Recent statistics show that teens are at a higher risk of skin cancer than ever. Find out how to talk to your teen about tanning.
While most cancer rates are on the decline, skin cancer rates continue to increase for both men and women. In fact, melanoma is the most common form of cancer for young adults and the second most common cause in teens. The good news is that skin cancer is highly survivable for this age group, and has a 90% survival rate over five years. But what can parents to do help educate their teens about the dangers of skin cancer and tanning? Consider these suggestions:
1) Share the facts. Educate your teens on some basic facts and share the risk factors, even if they are scary. One to point out is that your child's chance of a melanoma diagnosis increases by 75% if they use tanning beds before the age of 30.
2) Share your family history. Close to one in every 10 people diagnosed with melanoma has a family history of skin cancer. Make sure that your teen knows how often skin cancer has been diagnosed in your family.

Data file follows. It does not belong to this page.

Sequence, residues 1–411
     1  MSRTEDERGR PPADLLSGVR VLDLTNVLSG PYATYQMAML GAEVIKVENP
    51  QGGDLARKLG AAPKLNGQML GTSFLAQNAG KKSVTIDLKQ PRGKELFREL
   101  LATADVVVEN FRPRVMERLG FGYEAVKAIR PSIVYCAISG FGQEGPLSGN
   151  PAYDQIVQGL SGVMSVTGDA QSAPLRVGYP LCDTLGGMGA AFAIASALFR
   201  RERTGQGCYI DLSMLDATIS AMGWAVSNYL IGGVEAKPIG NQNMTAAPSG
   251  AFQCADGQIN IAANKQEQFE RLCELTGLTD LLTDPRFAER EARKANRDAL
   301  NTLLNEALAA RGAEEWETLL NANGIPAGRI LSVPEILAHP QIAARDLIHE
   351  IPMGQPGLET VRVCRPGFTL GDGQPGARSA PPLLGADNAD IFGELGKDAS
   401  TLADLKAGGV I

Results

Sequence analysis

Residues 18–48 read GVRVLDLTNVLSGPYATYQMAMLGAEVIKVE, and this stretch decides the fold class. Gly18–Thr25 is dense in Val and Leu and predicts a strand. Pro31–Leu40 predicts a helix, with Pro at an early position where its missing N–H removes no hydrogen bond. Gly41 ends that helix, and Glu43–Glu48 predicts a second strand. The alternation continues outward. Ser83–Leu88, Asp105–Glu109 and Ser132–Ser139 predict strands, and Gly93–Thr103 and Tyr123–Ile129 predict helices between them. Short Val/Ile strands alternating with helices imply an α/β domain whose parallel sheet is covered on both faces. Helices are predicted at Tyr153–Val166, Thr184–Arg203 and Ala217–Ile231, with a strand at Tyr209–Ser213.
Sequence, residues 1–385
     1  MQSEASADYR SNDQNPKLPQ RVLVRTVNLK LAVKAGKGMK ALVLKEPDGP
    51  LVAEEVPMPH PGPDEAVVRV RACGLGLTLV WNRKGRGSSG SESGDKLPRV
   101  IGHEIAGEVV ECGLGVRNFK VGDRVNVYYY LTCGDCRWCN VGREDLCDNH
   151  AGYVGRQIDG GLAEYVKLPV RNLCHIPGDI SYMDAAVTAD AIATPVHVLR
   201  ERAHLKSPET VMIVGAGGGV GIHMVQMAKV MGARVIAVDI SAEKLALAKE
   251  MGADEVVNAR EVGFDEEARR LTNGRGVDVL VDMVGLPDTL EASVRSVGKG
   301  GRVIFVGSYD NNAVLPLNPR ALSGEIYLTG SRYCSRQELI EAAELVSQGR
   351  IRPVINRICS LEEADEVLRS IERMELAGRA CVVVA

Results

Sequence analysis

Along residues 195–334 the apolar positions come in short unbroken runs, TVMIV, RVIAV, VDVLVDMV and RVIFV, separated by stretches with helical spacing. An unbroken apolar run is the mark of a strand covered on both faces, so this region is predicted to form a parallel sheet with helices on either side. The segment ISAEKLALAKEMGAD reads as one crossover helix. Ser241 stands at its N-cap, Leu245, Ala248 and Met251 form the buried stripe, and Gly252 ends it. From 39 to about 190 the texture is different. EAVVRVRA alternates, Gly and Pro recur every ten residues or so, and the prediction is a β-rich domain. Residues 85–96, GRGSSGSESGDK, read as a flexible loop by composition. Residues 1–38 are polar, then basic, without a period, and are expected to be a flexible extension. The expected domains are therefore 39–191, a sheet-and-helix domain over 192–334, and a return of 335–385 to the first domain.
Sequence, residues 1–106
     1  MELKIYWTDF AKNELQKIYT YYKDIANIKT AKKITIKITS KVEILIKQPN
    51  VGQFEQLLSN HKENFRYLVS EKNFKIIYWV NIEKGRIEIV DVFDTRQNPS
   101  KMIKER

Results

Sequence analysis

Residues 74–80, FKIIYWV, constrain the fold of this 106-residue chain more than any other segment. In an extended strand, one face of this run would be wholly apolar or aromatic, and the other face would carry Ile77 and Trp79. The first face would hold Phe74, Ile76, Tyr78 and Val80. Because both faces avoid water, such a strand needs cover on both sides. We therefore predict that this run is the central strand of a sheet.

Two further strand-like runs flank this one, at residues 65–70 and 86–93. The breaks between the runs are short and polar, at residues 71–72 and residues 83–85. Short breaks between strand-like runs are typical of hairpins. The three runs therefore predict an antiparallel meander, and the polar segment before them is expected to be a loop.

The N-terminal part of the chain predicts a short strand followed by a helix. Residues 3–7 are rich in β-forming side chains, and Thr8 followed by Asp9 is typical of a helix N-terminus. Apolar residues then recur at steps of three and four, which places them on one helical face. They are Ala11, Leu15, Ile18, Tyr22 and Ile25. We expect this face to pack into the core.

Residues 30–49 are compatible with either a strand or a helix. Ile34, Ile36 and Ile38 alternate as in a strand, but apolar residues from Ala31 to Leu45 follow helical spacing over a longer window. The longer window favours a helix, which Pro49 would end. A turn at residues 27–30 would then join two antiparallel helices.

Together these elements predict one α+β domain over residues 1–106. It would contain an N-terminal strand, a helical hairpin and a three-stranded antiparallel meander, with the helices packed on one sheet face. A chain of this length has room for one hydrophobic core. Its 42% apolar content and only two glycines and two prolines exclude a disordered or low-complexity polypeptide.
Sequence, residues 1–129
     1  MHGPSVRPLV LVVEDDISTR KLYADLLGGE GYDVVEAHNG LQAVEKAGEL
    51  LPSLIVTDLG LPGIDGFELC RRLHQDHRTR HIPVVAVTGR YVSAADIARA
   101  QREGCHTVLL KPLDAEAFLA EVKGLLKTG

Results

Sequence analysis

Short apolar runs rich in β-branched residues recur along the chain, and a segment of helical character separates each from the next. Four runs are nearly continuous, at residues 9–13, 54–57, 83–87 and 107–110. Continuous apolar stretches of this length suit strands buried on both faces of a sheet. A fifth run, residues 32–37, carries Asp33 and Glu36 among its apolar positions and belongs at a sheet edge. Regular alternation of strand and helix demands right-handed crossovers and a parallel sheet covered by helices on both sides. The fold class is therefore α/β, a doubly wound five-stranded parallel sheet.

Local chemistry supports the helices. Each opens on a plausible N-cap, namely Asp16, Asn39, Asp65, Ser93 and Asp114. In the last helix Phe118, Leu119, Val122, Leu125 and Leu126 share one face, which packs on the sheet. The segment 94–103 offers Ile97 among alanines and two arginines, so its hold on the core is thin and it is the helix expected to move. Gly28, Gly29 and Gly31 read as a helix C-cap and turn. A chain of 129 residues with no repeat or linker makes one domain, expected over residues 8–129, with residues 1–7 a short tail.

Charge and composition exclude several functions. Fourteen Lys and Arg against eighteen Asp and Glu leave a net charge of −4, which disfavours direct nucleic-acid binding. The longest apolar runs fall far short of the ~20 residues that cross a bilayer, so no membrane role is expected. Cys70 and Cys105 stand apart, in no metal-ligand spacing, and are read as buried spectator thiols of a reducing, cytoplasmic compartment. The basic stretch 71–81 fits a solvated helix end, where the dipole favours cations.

3) Be a role model. Set an example by using sunscreen and sun protection around your children. They will be less likely to ignore the risks if you take them seriously.
4) Offer tanning alternatives. Be sure to point out that most "tan" celebrities use professional spray-tanning treatments to look that way. Try some self-tanning products with your teen and find the best alternatives.
5) Take a pledge. Many high schools nationwide are encouraging teens to take the pledge not to tan. Have your teen take the pledge and set an example to friends. Your teen might even join others as they plan "tan free" proms and other events.
6) Get screened. Share the signs and symptoms of skin cancer with your teen. If he or she notices any symptoms, make sure they see a physician right away. Remember, skin cancer is highly curable if caught early!
By empowering teens to lower their risk, they will be less likely to tan and have a future skin cancer diagnosis. Medical Center Arlington offers regular free skin cancer screening events. Be sure to visit us online or call 1-855-868-6262 for a physician referral.